After surviving an assassination attempt in June 2011, Saleh went to Saudi Arabia for medical treatment. Under a deal brokered by the Gulf Cooperation Council, he finally agreed in November to hand over power to his deputy, Vice President Abd-Rabbu Mansour Hadi, and a unity government was formed.
The deal brought some calm to Sanaa, but violence continued in other parts of the country, especially the governorates of Sa'ada and Hajjah in the north, and Abyan and Aden in the south.
In January 2012, parliament granted Saleh full immunity from prosecution.
Presidential elections were held in February, with Hadi as the sole candidate. He is expected to lead Yemen for a two-year interim period leading to parliamentary and presidential elections in 2014.
Al Qaeda-linked militants seized several towns in Abyan governorate from February 2011, including the governorate capital Zinjibar.
Zinjibar was nearly destroyed in clashes between government forces and militants. Tens of thousands fled to other parts of Abyan, the neighbouring Lahij governorate and the southern port city of Aden.
When the situation in Abyan worsened, local tribes began to turn against the Islamists and joined government forces in an effort to push them back, the International Crisis Group (ICG) said.
Saleh held up the Islamists' sudden success as an example of what al Qaeda would do if Yemen slipped further into chaos. But opponents suspected he had given a signal to militants, with whom the government had lines of communication, to make their move because he felt it would strengthen his case with the West for political survival.
In May 2012, after Saleh had stepped down, the government launched a major U.S.-backed offensive and re-gained control of the towns in June 2012.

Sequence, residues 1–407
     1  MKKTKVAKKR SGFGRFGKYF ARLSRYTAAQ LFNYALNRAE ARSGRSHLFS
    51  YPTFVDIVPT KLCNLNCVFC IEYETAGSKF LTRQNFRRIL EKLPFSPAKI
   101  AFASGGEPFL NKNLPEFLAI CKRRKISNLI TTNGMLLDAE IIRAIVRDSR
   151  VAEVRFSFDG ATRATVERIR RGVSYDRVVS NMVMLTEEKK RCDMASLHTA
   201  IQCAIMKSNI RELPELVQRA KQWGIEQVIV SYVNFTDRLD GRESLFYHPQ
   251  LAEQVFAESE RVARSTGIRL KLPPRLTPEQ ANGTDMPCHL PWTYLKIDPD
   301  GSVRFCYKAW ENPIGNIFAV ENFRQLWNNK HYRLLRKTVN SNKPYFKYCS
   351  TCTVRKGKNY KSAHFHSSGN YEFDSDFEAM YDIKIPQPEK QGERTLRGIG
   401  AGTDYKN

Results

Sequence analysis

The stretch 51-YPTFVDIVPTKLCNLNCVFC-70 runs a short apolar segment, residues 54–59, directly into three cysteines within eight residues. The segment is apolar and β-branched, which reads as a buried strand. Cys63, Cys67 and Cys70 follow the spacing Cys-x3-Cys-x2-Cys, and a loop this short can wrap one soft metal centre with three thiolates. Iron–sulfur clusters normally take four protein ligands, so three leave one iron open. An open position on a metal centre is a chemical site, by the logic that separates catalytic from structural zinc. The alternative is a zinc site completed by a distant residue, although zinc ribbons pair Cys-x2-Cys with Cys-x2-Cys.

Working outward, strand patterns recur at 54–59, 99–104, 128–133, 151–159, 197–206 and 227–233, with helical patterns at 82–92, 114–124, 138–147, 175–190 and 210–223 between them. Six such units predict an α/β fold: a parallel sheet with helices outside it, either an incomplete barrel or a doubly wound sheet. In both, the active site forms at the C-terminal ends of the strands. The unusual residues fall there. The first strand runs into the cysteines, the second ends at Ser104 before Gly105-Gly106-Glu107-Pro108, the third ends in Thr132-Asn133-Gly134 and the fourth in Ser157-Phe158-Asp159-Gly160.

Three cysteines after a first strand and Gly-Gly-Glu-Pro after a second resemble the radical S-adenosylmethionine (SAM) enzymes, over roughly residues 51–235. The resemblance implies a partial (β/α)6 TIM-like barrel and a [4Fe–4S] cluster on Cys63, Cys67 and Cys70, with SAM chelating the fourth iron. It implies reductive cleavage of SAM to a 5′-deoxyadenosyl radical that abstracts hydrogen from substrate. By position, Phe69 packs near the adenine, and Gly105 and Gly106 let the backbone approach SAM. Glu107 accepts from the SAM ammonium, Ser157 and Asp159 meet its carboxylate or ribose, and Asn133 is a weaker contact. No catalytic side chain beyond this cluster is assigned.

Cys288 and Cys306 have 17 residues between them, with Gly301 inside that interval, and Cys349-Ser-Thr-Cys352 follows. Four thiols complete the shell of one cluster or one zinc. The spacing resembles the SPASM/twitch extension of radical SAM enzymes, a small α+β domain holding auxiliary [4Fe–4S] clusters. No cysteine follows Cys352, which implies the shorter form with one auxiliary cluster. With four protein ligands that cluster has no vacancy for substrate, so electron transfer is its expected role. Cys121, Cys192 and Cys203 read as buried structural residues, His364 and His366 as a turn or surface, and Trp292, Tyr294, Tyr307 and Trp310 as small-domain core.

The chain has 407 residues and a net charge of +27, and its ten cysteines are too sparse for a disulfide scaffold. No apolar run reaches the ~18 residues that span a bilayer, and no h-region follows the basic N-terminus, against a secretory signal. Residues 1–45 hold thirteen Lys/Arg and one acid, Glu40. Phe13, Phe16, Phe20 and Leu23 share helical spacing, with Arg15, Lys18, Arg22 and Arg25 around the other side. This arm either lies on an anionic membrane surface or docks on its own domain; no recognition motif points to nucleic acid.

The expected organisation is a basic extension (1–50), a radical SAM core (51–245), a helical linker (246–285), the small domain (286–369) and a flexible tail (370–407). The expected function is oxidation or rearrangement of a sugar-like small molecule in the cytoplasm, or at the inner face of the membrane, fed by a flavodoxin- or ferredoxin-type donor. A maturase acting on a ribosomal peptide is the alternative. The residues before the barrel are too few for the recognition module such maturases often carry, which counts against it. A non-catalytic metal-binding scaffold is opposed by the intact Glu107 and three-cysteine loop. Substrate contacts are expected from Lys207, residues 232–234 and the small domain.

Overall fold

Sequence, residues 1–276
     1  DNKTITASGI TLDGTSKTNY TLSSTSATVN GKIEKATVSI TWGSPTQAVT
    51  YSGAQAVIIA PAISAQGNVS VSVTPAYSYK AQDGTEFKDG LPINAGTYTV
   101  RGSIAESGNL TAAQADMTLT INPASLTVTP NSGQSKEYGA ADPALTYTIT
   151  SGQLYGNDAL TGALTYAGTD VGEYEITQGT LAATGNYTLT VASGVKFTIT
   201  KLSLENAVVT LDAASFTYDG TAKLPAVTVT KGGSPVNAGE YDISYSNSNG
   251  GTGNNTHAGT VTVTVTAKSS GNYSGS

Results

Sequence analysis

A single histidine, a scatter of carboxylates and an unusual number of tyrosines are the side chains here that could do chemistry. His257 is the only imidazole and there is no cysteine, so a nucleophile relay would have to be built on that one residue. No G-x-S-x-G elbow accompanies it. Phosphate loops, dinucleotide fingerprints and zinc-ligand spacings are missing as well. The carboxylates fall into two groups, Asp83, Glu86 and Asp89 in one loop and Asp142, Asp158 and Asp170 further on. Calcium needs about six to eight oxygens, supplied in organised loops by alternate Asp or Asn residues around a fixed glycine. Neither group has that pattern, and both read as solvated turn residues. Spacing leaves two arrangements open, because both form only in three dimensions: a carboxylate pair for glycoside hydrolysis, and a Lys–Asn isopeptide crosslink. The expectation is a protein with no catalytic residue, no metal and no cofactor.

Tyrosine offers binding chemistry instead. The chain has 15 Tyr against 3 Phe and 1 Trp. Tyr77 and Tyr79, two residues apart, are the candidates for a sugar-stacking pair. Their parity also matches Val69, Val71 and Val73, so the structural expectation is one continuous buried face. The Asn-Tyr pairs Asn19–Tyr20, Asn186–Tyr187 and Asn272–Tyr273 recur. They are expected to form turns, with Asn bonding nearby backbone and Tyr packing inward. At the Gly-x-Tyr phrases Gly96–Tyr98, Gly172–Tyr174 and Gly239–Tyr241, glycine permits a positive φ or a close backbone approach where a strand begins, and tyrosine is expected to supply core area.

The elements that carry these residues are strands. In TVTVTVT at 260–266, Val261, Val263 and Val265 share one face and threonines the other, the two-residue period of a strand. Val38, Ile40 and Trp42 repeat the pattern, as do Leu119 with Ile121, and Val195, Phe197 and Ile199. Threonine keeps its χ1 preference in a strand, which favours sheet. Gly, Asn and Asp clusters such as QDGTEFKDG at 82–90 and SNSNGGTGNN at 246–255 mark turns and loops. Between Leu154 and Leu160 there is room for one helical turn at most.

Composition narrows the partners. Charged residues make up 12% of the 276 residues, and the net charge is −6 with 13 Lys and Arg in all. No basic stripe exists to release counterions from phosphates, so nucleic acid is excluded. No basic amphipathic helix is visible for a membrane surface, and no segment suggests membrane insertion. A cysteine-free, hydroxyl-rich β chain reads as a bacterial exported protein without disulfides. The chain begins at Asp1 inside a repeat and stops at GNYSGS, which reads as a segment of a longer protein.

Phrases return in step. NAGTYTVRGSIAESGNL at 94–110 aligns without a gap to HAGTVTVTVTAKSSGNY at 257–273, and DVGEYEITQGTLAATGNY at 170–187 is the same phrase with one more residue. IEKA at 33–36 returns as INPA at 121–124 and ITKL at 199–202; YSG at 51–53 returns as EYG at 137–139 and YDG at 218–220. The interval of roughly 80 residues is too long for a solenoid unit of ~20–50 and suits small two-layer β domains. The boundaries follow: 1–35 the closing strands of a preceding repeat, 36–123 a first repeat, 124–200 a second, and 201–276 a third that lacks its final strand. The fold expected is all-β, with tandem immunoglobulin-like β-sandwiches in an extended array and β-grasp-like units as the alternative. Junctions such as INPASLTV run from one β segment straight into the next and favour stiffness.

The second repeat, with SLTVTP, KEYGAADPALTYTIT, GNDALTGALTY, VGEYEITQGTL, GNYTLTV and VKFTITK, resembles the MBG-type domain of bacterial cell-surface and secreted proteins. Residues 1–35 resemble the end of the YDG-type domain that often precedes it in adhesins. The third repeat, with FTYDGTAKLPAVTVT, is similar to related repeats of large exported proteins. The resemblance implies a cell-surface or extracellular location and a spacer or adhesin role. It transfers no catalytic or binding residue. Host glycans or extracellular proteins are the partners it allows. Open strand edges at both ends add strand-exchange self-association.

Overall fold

The Islamist militants and government forces inflicted a "human rights catastrophe" as they vied for control in 2011 and the first half of 2012, ;Amnesty International said. The militants carried out public summary executions, amputations and flogging during their rule, and the military used excessive force as it fought back.
The combination of fighting and human rights abuses displaced an estimated 250,000 people from the southern governorates, particularly Abyan, Amnesty said.
Displacement figures were difficult to verify, because aid agencies were unable to access many displaced people in Abyan and Lahij, and because many were living with relatives or host communities.
Since June 2012, the majority have returned home. But basic services, including water and sanitation facilities, health care and education, as well as law and order, are yet to be restored. Landmines need to be cleared from an area larger than Lebanon, much of it rural land.
The militants called themselves Ansar al-Shari'a (Partisans of Islamic Law) but the name seems to have disappeared from usage. Diplomats in Sanaa said they viewed the group as al Qaeda under another name. Some analysts had suggested it was part of a coalition that included al Qaeda in the Arabian Peninsula (AQAP).
AQAP was formed when the Saudi and Yemeni branches of al Qaeda merged in January 2009. It is based in Yemen, and has carried out a number of suicide bombings since June 2012, targeting military and security facilities and senior officials.
The United States has been using drone strikes against the Islamist militants. But discontent at the use of the unmanned planes has been growing. Armed tribesmen have held protests, saying the strikes kill innocent civilians, and some say they are an infringement of sovereignty.
Meanwhile, separatists are seeking to revive a southern socialist state that Saleh united with the north in 1990. They initially joined the anti-Saleh protesters in 2011, but the two sides later grew apart.